Authors+Show Affiliations

Delta-Ultrasound Diagnostic Center in Obstetrics and Gynecology, Madrid, Spain. fetalmed@yahoo.comNo affiliation info availableNo affiliation info availableNo affiliation info availableNo affiliation info availableNo affiliation info available

Pub Type(s)

Journal Article
Research Support, Non-U.S. Gov't

Language

eng

PubMed ID

20966466

Citation

Martinez-Ten, Pilar, et al. "First-trimester Assessment of the Nasal Bones Using the Retronasal Triangle View: a 3-dimensional Sonographic Study." Journal of Ultrasound in Medicine : Official Journal of the American Institute of Ultrasound in Medicine, vol. 29, no. 11, 2010, pp. 1555-61.
Martinez-Ten P, Adiego B, Perez-Pedregosa J, et al. First-trimester assessment of the nasal bones using the retronasal triangle view: a 3-dimensional sonographic study. J Ultrasound Med. 2010;29(11):1555-61.
Martinez-Ten, P., Adiego, B., Perez-Pedregosa, J., Illescas, T., Wong, A. E., & Sepulveda, W. (2010). First-trimester assessment of the nasal bones using the retronasal triangle view: a 3-dimensional sonographic study. Journal of Ultrasound in Medicine : Official Journal of the American Institute of Ultrasound in Medicine, 29(11), 1555-61.
Martinez-Ten P, et al. First-trimester Assessment of the Nasal Bones Using the Retronasal Triangle View: a 3-dimensional Sonographic Study. J Ultrasound Med. 2010;29(11):1555-61. PubMed PMID: 20966466.
* Article titles in AMA citation format should be in sentence-case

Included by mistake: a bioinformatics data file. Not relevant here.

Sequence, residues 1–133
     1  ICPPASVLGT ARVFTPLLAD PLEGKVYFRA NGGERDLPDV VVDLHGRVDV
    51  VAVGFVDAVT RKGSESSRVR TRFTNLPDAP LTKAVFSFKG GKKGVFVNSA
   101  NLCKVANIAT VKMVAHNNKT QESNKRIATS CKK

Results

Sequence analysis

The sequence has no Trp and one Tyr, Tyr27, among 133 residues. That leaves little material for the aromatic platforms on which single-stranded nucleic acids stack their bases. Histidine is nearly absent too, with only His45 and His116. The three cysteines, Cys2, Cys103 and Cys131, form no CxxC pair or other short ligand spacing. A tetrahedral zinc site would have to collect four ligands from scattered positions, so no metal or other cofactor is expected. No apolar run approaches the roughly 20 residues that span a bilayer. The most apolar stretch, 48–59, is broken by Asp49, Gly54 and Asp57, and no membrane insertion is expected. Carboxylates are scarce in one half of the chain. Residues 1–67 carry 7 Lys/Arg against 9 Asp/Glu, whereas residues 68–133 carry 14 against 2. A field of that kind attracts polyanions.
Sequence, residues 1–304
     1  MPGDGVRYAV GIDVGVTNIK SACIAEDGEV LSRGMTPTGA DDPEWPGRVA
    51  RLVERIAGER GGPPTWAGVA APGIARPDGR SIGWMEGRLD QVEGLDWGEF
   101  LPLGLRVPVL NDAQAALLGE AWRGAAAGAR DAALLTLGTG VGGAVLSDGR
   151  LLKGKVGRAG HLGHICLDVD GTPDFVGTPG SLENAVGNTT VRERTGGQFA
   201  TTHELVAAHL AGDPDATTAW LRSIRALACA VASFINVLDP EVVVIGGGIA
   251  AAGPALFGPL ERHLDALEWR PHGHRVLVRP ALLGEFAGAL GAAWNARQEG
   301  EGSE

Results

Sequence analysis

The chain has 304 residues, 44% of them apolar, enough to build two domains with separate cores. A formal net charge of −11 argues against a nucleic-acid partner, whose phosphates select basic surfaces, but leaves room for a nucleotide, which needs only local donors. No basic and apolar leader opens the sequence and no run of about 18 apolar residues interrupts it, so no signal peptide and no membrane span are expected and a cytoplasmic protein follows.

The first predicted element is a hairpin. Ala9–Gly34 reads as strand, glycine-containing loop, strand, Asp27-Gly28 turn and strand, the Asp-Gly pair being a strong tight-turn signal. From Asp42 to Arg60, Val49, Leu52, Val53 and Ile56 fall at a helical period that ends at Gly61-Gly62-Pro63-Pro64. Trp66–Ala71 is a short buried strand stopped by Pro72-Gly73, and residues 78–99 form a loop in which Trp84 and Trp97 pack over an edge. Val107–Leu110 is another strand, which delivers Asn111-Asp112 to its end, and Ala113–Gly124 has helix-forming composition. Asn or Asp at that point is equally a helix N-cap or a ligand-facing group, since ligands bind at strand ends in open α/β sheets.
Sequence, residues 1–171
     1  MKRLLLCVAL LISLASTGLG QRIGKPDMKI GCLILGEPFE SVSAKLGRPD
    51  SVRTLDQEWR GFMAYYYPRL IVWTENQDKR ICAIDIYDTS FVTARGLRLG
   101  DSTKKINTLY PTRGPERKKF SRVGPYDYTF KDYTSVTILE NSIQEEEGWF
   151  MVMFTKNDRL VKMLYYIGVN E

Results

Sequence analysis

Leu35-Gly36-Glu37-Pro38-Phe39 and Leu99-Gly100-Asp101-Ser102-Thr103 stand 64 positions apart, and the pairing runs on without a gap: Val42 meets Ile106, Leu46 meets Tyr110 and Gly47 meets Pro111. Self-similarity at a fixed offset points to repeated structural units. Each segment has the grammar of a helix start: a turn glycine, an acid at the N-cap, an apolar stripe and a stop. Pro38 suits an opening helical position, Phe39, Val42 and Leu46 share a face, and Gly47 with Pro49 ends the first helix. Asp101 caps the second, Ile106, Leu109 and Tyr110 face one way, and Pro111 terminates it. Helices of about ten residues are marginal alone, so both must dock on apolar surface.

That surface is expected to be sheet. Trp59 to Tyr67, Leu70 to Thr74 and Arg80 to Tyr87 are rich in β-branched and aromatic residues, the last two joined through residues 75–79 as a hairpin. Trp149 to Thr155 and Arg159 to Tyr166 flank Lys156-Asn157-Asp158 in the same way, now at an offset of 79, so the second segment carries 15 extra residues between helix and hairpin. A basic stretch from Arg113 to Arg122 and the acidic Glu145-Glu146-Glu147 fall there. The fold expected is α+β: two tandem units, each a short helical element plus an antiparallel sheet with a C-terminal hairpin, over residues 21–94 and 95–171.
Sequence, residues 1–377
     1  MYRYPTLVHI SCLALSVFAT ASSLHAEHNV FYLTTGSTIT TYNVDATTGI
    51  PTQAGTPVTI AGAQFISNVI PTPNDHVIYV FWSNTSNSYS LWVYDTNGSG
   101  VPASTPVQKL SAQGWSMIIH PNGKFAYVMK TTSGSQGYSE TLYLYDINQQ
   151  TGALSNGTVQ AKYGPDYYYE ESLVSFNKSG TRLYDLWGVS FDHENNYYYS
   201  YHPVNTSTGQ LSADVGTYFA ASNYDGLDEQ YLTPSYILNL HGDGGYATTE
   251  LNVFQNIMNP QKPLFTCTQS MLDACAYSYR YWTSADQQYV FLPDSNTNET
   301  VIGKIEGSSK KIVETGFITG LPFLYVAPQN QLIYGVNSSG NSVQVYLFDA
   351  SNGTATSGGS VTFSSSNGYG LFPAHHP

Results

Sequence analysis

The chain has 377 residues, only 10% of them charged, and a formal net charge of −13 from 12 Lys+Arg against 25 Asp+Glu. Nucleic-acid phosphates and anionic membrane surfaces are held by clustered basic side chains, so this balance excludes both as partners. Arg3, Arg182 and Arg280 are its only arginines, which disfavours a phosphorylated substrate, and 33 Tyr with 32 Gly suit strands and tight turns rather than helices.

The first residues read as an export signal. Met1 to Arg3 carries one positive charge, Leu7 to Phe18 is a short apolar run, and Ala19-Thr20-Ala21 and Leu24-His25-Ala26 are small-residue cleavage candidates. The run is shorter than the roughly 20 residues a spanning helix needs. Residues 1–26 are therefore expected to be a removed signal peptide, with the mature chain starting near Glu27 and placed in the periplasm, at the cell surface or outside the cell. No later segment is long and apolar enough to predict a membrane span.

TY - JOUR T1 - First-trimester assessment of the nasal bones using the retronasal triangle view: a 3-dimensional sonographic study. AU - Martinez-Ten,Pilar, AU - Adiego,Begoña, AU - Perez-Pedregosa,Javier, AU - Illescas,Tamara, AU - Wong,Amy E, AU - Sepulveda,Waldo, PY - 2010/10/23/entrez PY - 2010/10/23/pubmed PY - 2011/2/18/medline SP - 1555 EP - 61 JF - Journal of ultrasound in medicine : official journal of the American Institute of Ultrasound in Medicine JO - J Ultrasound Med VL - 29 IS - 11 N2 - OBJECTIVE: The purpose of this study was to evaluate a new sonographic technique for identifying the nasal bones using the retronasal triangle view, ie, the coronal plane at which the palate and frontal processes of the maxilla are simultaneously visualized. METHODS: Three-dimensional (3D) volumes were acquired from women undergoing first-trimester sonographic screening for aneuploidy by 2 accredited operators. Those data sets in which the fetal face was clearly identified were selected for offline analysis by 2 other observers who were unaware of the sonographic or clinical findings. The nasal bones were classified as both present, only 1 present (right or left), or absent according to the presence or absence of 2 small paired echogenic linear structures at the upper tip of the retronasal triangle as determined by 3D navigation in the coronal plane and compared to those findings obtained by 3D navigation in the sagittal plane. Additional 3D data sets involving a subset of 4 first-trimester fetuses with trisomy 21 and absent nasal bones were also analyzed retrospectively and included randomly in the study group. RESULTS: A total of 110 3D data sets were analyzed, of which 86% were obtained transabdominally and 14% transvaginally. The quality of nasal bone identification was classified subjectively by the observers as good in 67% of cases, fair in 29%, and poor in 4%. The nasal bones were classified as at least 1 present in 106 of the cases (96%) and absent in 4 (4%), with complete agreement between observers in both the sagittal and coronal planes (κ = 1). Discrimination between the right and left nasal bones was possible in 89% and 93% for observer A and in 96% and 96% for observer B by assessing the sagittal and coronal views, respectively (right nasal bone: κ = 0.90 [95% confidence interval (CI), 0.79-1]; left nasal bone: κ = 0.85 [95% CI, 0.60-0.99]). The nasal bones were not identified at the level of the retronasal triangle view in any of the fetuses with trisomy 21 and absent nasal bones. CONCLUSIONS: This study shows that the nasal bones can be confidently identified as paired echogenic structures located at the upper tip of the retronasal triangle. This coronal view of the fetal face offers the possibility of screening for the presence or absence of the nasal bones in the first trimester, especially when the standard midsagittal views of the fetal face are suboptimal because of fetal or maternal factors. Because both nasal bones can be evaluated simultaneously in the coronal plane, the retronasal triangle view may be advantageous over the conventional midsagittal view assessment, in which only 1 of the 2 nasal bones is evaluated. SN - 1550-9613 UR - https://www.unboundmedicine.com/medline/citation/20966466/First_trimester_assessment_of_the_nasal_bones_using_the_retronasal_triangle_view:_a_3_dimensional_sonographic_study_ L2 - https://onlinelibrary.wiley.com/resolve/openurl?genre=article&sid=nlm:pubmed&issn=0278-4297&date=2010&volume=29&issue=11&spage=1555 DB - PRIME DP - Unbound Medicine ER -